Increasing Public Participation in the Ongoing Review of Regulations
HHS intends to increase the breadth and quality of public participation in its rulemaking and retrospective review activities. Consistent with this goal, HHS published a notice soliciting preliminary comment on certain elements HHS should consider in drafting this plan and additional public comment on the complete HHS Preliminary Plan. A summary of comments submitted in response to the requests for comment on elements to be considered in drafting the plan are at Appendix B and on the complete HHS Preliminary Plan are at Appendix C.
All HHS agencies already reach out in various ways to obtain public input and advice on regulations subject to review and modification. For example, as one of the major HHS regulatory agencies, FDA sends bi-annual letters to state and local elected government officials asking for suggestions on its regulatory activities and posts them on its website. FDA also issues a bi-annual letter for small business entities, by posting it on the FDA website and sending it to the Small Business Administration for distribution to the small business community. These two letters highlight upcoming regulations that FDA believes may have an impact on these two groups. Additionally, as part of its Transparency Initiative, FDA recently established a new webpage specifically devoted to its regulatory review activities.
HHS intends to increase its efforts to promote and develop meaningful public participation. As an initial matter, HHS will establish a Public Participation Task Force including the Assistant Secretary for Public Affairs (ASPA) along with its Director of the Web Communications Division, the Chief Information Officer, the General Counsel’s Office, and the Chief Technology Officer, chaired by the Deputy Executive Secretary. The Task Force will explore ways to increase interactivity in the public comment process with respect to regulatory review and ongoing regulatory activity, including the use of podcasts, webinars, video teleconference sessions, Wikis, YouTube and other social media. Some HHS agencies already use these technologies to great advantage. Other agencies can usefully enhance the regulatory review and development process by increasing use of these technologies. With the advice and assistance of the HHS CIO and CTO, the Department will identify and develop these and other online capabilities for the public to be involved in evaluating regulations over time. The Public Participation Task Force will pay particular attention to increasing the diversity of participation and improving the ability of persons with limited English proficiency or disabilities through podcasts and other vehicles to participate in the regulations review and development process. The Public Participation Task Force will report its recommendations to the Deputy Secretary by March 31, 2012.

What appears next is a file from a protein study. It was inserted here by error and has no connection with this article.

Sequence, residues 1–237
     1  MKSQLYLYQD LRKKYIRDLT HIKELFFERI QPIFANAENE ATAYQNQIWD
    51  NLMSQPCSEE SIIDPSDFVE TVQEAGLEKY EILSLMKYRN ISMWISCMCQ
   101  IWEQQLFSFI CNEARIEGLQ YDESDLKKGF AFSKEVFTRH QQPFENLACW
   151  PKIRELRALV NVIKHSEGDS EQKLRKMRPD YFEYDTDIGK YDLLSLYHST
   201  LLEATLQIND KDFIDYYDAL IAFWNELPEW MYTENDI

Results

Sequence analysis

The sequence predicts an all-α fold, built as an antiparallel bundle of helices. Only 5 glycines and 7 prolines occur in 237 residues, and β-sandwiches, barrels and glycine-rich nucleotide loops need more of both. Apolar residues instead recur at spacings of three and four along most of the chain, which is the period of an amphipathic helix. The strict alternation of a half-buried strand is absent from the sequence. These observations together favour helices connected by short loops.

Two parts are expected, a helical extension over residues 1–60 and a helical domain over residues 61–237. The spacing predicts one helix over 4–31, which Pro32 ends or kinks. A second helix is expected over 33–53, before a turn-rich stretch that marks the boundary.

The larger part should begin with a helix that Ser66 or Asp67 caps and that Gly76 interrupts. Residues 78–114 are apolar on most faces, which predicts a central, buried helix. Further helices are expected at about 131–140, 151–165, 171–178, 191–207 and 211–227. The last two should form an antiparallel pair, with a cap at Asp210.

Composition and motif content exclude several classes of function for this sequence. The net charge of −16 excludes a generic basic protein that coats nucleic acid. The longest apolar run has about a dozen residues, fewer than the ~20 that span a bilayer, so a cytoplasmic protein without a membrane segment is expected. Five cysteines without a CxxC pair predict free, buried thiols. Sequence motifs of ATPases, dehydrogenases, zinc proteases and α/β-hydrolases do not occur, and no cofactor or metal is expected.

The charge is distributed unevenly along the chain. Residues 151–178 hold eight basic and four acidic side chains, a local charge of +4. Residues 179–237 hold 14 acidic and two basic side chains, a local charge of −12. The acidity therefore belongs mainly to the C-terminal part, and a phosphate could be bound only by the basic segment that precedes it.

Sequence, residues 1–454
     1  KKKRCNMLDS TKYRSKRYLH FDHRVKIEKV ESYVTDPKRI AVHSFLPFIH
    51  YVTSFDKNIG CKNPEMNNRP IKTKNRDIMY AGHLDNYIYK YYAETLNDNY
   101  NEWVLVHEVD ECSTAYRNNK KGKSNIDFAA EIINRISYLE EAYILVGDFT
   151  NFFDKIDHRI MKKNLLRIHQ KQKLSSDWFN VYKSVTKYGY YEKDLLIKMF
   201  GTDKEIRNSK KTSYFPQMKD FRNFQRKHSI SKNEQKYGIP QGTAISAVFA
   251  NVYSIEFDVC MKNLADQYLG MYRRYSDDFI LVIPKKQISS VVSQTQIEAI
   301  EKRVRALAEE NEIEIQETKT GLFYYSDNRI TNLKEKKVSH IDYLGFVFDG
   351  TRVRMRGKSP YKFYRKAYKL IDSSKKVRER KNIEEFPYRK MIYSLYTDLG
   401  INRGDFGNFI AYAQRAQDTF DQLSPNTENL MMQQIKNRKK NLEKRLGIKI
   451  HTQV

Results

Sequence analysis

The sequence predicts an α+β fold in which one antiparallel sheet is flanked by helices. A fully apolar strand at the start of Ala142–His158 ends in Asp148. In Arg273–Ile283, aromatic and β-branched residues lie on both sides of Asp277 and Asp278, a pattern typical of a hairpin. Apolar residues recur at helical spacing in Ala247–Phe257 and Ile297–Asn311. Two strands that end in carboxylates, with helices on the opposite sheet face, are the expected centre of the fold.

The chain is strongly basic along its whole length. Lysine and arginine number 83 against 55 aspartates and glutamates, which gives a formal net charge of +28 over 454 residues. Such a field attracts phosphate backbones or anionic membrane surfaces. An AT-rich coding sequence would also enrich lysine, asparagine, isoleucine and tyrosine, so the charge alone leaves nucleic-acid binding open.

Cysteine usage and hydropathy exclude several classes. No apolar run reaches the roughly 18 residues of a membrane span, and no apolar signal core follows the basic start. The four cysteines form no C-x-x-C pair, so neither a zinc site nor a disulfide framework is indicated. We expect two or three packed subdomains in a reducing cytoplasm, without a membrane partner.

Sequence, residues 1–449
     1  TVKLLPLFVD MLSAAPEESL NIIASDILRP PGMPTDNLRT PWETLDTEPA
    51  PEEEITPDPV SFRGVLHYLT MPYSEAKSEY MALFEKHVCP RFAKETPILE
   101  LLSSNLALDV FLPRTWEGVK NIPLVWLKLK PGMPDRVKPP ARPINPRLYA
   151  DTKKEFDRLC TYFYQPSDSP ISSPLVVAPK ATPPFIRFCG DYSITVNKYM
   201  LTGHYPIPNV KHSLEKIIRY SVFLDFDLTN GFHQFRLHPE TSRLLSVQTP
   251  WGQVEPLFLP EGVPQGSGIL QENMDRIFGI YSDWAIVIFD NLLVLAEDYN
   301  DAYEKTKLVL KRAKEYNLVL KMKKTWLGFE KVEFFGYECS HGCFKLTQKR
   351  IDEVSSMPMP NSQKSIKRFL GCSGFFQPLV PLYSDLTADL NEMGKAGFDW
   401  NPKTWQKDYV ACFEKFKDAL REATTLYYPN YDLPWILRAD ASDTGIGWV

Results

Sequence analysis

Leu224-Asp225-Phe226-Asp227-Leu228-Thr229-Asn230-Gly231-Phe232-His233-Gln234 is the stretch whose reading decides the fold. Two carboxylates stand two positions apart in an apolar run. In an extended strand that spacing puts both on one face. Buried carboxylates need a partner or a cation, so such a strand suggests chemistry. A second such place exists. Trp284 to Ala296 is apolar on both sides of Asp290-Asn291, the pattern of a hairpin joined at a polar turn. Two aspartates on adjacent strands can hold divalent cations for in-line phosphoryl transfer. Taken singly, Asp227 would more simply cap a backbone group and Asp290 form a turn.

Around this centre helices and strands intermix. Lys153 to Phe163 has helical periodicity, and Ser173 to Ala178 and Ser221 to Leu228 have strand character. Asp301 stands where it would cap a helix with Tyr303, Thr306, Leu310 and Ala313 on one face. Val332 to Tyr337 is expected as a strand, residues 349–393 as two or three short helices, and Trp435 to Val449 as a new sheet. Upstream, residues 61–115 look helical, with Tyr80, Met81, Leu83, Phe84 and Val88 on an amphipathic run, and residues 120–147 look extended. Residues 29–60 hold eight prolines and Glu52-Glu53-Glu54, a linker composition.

Additionally, HHS will ask the Public Participation Task Force to work with agencies to develop a set of principles geared toward increased public participation and transparency in the ongoing review of regulations throughout the Department. These principles will help agencies think about innovative ways to involve interested parties in the retrospective review process so they can more easily react to and benefit from the comments, arguments, and information of others as they refine their own comments. Among the principles to be considered are:
- Active engagement with thought-leaders through meetings and sponsored listening sessions on specific regulatory reform proposals. Thought-leaders might include the regulated community, affected groups, academics, and public interest groups, as well as state, local, and tribal government leaders.
- Real-time access to information for the public and business community so they can provide more immediate, real-time feedback to the agency on specific regulatory actions.
- Involve outside groups who may have not been included in past regulatory review activities through the Offices of External Affairs and Intergovernmental Affairs and other HHS offices to increase the level and diversity of public participation.
- Explore possible collaboration with the Cornell University e-Rulemaking initiative whereby Cornell students and faculty host an interactive blog for public participation and comment on proposed rules. The Department of Transportation is already involved in this initiative.